MAD MEN — and Modern Marketing

MAD MEN — and Modern Marketing

Monday, October 17, 2016 - 08:00

Though Mad Men made advertising seem sexy, the ad biz was also — sexist. Today, the flavor of misogyny Don Draper and his pals showed isn’t cool; in fact, it’s downright unacceptable.

Sexual harassment and gender inequality aren’t exactly a thing of the past. When only 11% of all creative award winners are women, it’s clear the Mad Men culture isn’t dead.But Mad Men also exuded some things still true today; reminding us that ideas, creativity and personality is the backbone of advertising. Luckily, that has nothing to do with 50’s dress codes, pocket squares and pencil squares. There were no dress down Fridays for Don Draper and the gang but then it’s hard to imagine them in today’s everyday ad office casual. Fortunately we’ve realized white-glove dress up has nothing to do with great copy and creative.

We also don’t have – and don’t need 3 martini lunches and smoke filled boardrooms. In fact, most lunches are on the go, some may even be healthy and any today’s smokers go outside the workplace to do it.

Today Don Draper solo geniuses are more often part of a team. No matter how great the idea, it takes more than just a quick brainstorm and fast sketch to sell it. Clients demand backend time for product, company, brand and consumer research to ensure ideas are not only creative but can work on all levels. There are rarely ‘roughs’ since clients now expect fully realized comps to illustrate exactly how something will present to their consumer.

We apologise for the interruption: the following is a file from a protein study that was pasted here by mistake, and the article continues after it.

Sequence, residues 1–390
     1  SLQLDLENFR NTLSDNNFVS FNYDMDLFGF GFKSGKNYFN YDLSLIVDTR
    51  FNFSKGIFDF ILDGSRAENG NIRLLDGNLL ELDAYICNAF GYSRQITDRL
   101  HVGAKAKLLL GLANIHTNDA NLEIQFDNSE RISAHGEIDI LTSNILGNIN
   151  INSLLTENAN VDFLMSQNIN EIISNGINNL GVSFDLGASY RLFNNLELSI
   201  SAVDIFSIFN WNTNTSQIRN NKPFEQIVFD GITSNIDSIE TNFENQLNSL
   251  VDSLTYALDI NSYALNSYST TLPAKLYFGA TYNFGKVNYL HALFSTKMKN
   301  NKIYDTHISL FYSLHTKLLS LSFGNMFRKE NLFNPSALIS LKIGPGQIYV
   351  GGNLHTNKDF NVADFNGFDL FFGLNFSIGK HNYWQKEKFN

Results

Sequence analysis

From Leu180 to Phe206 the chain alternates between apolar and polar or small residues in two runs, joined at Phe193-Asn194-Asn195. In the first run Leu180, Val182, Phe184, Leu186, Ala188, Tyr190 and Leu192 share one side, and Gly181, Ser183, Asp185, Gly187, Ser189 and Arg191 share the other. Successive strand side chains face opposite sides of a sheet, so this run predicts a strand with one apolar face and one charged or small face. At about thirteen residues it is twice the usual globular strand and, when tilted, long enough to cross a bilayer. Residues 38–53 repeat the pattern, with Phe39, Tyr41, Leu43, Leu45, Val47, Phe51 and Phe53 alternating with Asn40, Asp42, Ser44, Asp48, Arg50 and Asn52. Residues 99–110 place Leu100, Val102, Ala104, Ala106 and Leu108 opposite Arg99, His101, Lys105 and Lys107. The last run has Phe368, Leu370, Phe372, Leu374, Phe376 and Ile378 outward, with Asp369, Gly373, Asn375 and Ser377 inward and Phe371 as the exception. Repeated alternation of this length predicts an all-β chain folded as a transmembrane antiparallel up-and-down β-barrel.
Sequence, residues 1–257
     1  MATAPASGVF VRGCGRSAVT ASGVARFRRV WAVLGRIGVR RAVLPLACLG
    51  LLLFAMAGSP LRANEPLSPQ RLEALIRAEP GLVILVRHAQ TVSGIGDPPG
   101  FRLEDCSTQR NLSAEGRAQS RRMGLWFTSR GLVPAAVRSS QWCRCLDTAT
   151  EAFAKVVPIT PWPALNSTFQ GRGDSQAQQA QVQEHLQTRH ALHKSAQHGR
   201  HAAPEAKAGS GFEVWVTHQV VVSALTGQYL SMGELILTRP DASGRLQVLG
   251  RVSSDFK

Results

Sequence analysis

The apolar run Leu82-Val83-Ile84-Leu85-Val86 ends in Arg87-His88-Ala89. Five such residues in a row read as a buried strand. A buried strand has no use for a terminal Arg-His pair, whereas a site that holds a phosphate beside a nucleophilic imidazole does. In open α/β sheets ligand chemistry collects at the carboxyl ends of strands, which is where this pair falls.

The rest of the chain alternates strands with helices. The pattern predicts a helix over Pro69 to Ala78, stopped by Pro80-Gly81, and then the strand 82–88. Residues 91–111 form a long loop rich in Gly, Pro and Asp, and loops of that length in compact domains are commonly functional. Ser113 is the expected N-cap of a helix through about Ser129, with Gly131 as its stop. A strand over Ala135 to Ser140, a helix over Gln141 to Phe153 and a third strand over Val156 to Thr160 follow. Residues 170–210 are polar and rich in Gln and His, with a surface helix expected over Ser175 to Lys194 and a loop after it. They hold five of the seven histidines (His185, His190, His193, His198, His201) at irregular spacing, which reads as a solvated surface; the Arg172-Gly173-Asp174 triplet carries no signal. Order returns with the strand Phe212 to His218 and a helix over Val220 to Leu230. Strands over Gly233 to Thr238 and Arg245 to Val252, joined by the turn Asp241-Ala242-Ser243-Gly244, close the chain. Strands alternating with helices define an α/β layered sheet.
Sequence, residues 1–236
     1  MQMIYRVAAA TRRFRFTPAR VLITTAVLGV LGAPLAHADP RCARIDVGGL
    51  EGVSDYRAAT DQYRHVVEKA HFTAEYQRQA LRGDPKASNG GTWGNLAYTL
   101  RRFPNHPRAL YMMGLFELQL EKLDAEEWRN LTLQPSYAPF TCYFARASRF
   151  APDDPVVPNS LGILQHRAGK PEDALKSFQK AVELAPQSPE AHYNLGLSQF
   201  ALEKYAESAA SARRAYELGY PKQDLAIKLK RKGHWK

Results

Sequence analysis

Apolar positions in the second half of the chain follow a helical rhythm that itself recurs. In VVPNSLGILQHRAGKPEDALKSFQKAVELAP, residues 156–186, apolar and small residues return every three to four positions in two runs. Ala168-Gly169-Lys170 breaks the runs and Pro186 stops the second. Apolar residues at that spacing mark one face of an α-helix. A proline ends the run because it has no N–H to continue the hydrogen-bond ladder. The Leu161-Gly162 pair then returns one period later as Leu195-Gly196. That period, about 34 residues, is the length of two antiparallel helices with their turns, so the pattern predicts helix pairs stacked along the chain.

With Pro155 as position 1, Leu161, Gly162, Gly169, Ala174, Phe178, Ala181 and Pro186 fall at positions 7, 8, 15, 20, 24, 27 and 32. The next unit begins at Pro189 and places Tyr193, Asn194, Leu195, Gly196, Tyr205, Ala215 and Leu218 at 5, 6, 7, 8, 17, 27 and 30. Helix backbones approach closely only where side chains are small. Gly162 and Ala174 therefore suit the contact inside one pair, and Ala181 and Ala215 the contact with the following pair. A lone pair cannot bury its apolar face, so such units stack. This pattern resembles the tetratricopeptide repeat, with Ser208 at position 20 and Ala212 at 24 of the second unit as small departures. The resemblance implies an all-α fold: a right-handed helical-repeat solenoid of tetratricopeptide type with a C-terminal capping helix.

When Sterling Cooper was introduced to their first computer, their IBM 360 took up an entire room. We’ve come a long way since the mainframe that was the state of the art IT star. Roger Sterling never saw or used an iPad or touch screen.  And Art Director Stan Rizzo never created a digital design or website. The pen tool – was an actual pen. Those of us who created storyboards, used rubilith, and sent out for transparencies, understand that world well. And I can’t say I miss Letraset, French rules, Rapidographs and dried out jars of rubber cement. Yea, Photoshop!

Some things, however, never change. No digital innovation can create copy or ideas. That takes a human imagination.  Computers may have revolutionized the way we execute those ideas, those words but they can’t intuit them. Do we now need the partnership of programmers, social media experts, and tech engineers? Absolutely. Today’s transitional ad agency is an eclectic group, where creative mavericks and computer geeks work seamlessly. Controlled creative chaos, artistic breakthroughs, and innovative ideas are fundamental to marketing success. Understanding of people, of brands should always be the backbone of marketing decisions. And figuring out how to stay ahead of new technologies, yet still tell timeless stories. is an every day challenge.

Time stands still for no one; neither do trends or technology. When platforms constantly shift, you have to move with them or be left behind. But powerful ideas, especially in this digital age, are always paramount. No matter how technology changes or transforms, creativity will still not only be important, it’s critical to move advertising from mere messaging — to understanding.

Nothing beats the power of words and imagination. Even in this wireless, watchable and wearable society where lives run faster but not always simpler, there’s still magic in advertising. There’s more hard work and tight deadlines than glamour and martini lunches but, if done right, the ad biz can be even more fulfilling and successful.

Today, Madison Avenue is a shadow of its iconic self.  Few people would return to the storied Mad Men advertising days, even if they could; but I just might like one of Joan Harris’s snappy outfits.




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